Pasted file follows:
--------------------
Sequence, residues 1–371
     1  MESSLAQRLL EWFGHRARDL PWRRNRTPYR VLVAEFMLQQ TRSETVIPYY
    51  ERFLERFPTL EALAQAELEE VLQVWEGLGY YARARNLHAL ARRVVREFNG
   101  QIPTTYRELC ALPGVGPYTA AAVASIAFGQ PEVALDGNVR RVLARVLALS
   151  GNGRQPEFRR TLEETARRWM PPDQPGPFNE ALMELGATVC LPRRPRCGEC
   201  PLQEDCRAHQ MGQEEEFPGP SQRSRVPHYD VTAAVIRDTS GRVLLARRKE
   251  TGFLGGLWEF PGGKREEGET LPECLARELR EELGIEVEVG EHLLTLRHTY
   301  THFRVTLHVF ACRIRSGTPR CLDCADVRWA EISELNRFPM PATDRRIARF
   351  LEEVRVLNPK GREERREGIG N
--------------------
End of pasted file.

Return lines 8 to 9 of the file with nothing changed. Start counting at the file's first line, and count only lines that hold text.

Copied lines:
   301  THFRVTLHVF ACRIRSGTPR CLDCADVRWA EISELNRFPM PATDRRIARF
   351  LEEVRVLNPK GREERREGIG N